I presume that the quotation below, taken from Prime Minister Moses Nagamootoo's Sunday Chronicle article 'My Turn' refers to me. When I criticised the Prime Minister a week or two ago in my Conversation Tree article in the Stabroek News, I called him out by name. Why is Moses afraid to name me?
He wrote: "The leader of the cluster of miniscule parties that may get one seat in the National Assembly from what are commonly deemed “left-over votes”, has already pompously confronted the Caribbean Court of Justice (CCJ) with this possibility. “We coming back right hey!” he bawled in the face of the Court."
I am impressed that the Prime Minister has the time from his busy portfolio schedule of managing the Chronicle to listen or otherwise pay attention to the CCJ's proceedings and what I had to say. I was unaware that my views were important enough to attract his attention, pompously expressed or not.
As a lawyer of his modest accomplishments, I trust that he understood what went on in court. He should have understood my strategy in asking for the CCJ to make a declaration as to the elections results. It is now clear that I correctly anticipated Lowenfield's recalcitrance and insubordination by the production of false results. I expected, which now turns out to be accurate, that the absence of a declaration that the recount results are the lawful results, Moses's government, with his solid support, will continue its efforts to rig the results of the elections and remain unlawfully in office. That is why I submitted to the CCJ that we will be back there if the lawful results were not determined.
I do have an acquaintance with court etiquette and respect, so that I have never in many decades spoken, and will never speak, in the disrespectful, colloquial, manner suggested by Moses. It is a pattern with which he is more familiar, from his APNU+AFC political platform culture, which enables him to conjure up and write such language with such facility.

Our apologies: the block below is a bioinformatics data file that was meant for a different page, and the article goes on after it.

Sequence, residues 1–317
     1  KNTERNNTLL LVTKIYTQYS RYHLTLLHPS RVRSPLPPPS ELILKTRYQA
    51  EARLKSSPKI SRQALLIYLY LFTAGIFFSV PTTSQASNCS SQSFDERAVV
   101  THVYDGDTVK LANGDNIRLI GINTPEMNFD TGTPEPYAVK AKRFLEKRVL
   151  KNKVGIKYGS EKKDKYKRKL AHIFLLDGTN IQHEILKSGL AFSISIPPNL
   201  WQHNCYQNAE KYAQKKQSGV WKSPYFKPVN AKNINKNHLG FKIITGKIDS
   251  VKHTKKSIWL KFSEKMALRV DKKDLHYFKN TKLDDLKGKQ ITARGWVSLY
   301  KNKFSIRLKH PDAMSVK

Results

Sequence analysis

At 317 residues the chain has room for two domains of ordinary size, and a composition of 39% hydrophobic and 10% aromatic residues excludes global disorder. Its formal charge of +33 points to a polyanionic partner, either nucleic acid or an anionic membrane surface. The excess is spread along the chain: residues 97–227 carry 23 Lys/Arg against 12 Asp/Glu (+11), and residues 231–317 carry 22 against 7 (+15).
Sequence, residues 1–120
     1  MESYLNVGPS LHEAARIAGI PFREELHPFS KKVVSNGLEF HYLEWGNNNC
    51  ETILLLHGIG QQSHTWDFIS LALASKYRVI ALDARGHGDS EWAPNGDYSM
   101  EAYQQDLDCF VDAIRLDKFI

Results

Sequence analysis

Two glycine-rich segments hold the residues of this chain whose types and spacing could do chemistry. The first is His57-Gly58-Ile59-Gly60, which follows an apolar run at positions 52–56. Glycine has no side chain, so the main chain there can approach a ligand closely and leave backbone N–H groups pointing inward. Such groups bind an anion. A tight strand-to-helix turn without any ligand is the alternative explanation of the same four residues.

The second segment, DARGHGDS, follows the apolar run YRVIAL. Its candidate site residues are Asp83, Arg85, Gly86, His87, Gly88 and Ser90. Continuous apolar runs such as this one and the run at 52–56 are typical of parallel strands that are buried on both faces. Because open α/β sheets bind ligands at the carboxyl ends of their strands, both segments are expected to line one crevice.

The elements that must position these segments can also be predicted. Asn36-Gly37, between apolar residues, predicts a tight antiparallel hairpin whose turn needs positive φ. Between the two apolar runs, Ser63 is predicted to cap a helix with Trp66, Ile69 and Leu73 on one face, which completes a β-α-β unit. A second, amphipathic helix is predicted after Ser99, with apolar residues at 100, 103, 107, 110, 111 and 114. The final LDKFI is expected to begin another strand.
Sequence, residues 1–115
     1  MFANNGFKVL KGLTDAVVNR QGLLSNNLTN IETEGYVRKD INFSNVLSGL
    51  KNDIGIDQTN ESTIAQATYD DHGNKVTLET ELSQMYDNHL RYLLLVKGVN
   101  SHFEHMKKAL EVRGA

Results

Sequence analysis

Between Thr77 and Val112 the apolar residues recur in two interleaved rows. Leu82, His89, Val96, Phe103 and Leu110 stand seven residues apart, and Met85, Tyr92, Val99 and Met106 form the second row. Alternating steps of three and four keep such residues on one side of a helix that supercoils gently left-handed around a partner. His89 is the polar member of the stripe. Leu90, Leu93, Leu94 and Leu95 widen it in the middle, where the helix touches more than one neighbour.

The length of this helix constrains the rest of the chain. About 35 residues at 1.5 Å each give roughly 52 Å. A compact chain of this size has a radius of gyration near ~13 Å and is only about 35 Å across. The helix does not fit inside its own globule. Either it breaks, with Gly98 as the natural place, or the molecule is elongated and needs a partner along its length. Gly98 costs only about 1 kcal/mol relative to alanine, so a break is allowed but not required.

Nevetheless the Prime Minister must be congratulated for promoting shared governance in his article, even at this late stage, when his government is besieged by international opprobrium, having been repeatedly caught trying its best to steal the elections, an effort that appears to have his full support.
I look out for the Prime Minister abandoning his now clearly shattered dreams of personal glory, which he hoped to attain when he abandoned his comrades in the PPP and crossed the floor, long in the offing, recognise the contempt and 'ludicrosity' in which he is viewed, and return to his defence of free and fair elections, 1968-1992 style, that we spent our entire youth fighting for. it is never too late to redeem oneself, including a self-proclaimed "Marxist." Or has that been abandoned too?
What legacy does Moses expect to have, (or does he even care?), with his continued debasement of his once proud and courageous journalistic and political careers, which he is ending in ignominy, by helping to restore the same PNC dictatorship, subjugation and impoverishment of the Guyanese people that so much of Guyana fought against for so long and for which so many heroes gave their liberty and their lives?
Always tell someone how you feel because opportunities are lost in the blink of an eye but regret can last a lifetime.